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Migrating from Dagger to Hilt

Previously posted on the Freetrade blog:

Migrating our Android app from Dagger to Hilt

How we’re continuously modernising our app.

How we’re continuously modernising our app.

Recently Google announced Hilt, a dependency injection framework for Android. It works on top of Dagger to make injecting dependencies into our classes easier, but has some nice features specific to Android.

We used Dagger in the app before but it definitely caused confusion, so we decided to move the app to using Hilt to see if our developers would prefer it.

Why inject dependencies?

We use dependency injection in our apps heavily to maintain good separation between the layers of our app, and make our unit tests robust and easy to write.

By avoiding creating dependencies within classes, we can write tests easier. For example, to test a screen does the right thing when a user is logged in, versus logged out, we inject different user statuses using a mocked UserService.

The downsides of Dagger

Dagger – which Hilt is based on – allows you to define a way of creating and injecting dependencies into your classes. It builds a tree of dependencies and will autogenerate code to add those dependencies to your classes.

This would be great if it is all you need to get started with Dagger, but you also have to understand more, such as Modules, and Components. These two together define how objects are built, and where they can be injected into.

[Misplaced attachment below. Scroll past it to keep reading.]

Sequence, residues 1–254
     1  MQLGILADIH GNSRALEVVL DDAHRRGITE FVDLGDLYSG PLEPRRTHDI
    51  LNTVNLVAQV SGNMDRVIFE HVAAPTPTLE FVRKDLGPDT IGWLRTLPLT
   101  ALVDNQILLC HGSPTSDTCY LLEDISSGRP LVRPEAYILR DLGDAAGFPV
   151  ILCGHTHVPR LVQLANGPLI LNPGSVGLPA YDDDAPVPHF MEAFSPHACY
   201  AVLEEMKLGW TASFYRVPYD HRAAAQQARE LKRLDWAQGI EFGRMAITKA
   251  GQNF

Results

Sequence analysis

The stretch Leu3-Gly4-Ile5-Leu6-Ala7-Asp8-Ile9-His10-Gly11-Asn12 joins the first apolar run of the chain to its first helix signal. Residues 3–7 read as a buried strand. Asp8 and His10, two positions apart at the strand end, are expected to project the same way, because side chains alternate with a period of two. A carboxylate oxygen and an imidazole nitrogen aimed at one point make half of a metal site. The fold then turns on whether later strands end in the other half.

They're a bit confusing, and we ended up with large modules (for example, our ViewModelModule). Developers new to Android struggled to know that all Android classes required a function in a Component to get their dependencies injected. It's a hurdle that didn't need to exist!

Using Hilt

Hilt mostly abstracts these concepts away from you. All your injectable objects still work as is, as do any modules you need.

But the best bit of Hilt is that it gets rid of your Components! Annotating an Android class with @AndroidEntryPoint will make injected variables within it work without needing to build a Component. So migrating to Hilt was a three-step process:

  1. Annotate all our Android classes which were using @Inject variables with @AndroidEntryPoint.
  2. Annotate our Application with @HiltAndroidApp
  3. Delete all our Components.

It was a bit tricky to ensure we caught all classes which needed the @AndroidEntryPoint, so I wrote a lint rule to catch them and migrate them all. You can find how we use lint rules in more detail in an earlier blog post.

Conclusion

Hilt is a nice approach to keeping dependency injection on Android but without so much of the knowledge of Dagger required. It meshes the two concepts nicely and has made developers more productive on the app, whilst also removing a few hundred lines of boilerplate:

It also gives us a much easier way of migrating our view models to using Jetpack ViewModels, as Hilt integrates tightly with them. So that makes our next step to upgrading our app even easier!

ALEX CURRAN © 2021